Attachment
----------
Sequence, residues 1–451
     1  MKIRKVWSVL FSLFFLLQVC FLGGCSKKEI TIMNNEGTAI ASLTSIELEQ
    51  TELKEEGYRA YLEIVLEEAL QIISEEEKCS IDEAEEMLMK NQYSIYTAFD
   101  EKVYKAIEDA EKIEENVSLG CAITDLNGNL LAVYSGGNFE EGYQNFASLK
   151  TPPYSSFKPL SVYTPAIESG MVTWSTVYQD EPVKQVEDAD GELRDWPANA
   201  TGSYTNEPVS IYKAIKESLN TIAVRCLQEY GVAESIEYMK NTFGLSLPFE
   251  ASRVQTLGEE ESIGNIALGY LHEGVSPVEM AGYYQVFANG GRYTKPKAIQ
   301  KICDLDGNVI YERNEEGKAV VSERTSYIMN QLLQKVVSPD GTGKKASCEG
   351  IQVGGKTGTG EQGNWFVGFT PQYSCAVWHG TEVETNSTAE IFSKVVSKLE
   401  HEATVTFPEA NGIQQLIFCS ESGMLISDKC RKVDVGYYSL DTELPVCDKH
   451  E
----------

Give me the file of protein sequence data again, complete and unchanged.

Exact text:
Sequence, residues 1–451
     1  MKIRKVWSVL FSLFFLLQVC FLGGCSKKEI TIMNNEGTAI ASLTSIELEQ
    51  TELKEEGYRA YLEIVLEEAL QIISEEEKCS IDEAEEMLMK NQYSIYTAFD
   101  EKVYKAIEDA EKIEENVSLG CAITDLNGNL LAVYSGGNFE EGYQNFASLK
   151  TPPYSSFKPL SVYTPAIESG MVTWSTVYQD EPVKQVEDAD GELRDWPANA
   201  TGSYTNEPVS IYKAIKESLN TIAVRCLQEY GVAESIEYMK NTFGLSLPFE
   251  ASRVQTLGEE ESIGNIALGY LHEGVSPVEM AGYYQVFANG GRYTKPKAIQ
   301  KICDLDGNVI YERNEEGKAV VSERTSYIMN QLLQKVVSPD GTGKKASCEG
   351  IQVGGKTGTG EQGNWFVGFT PQYSCAVWHG TEVETNSTAE IFSKVVSKLE
   401  HEATVTFPEA NGIQQLIFCS ESGMLISDKC RKVDVGYYSL DTELPVCDKH
   451  E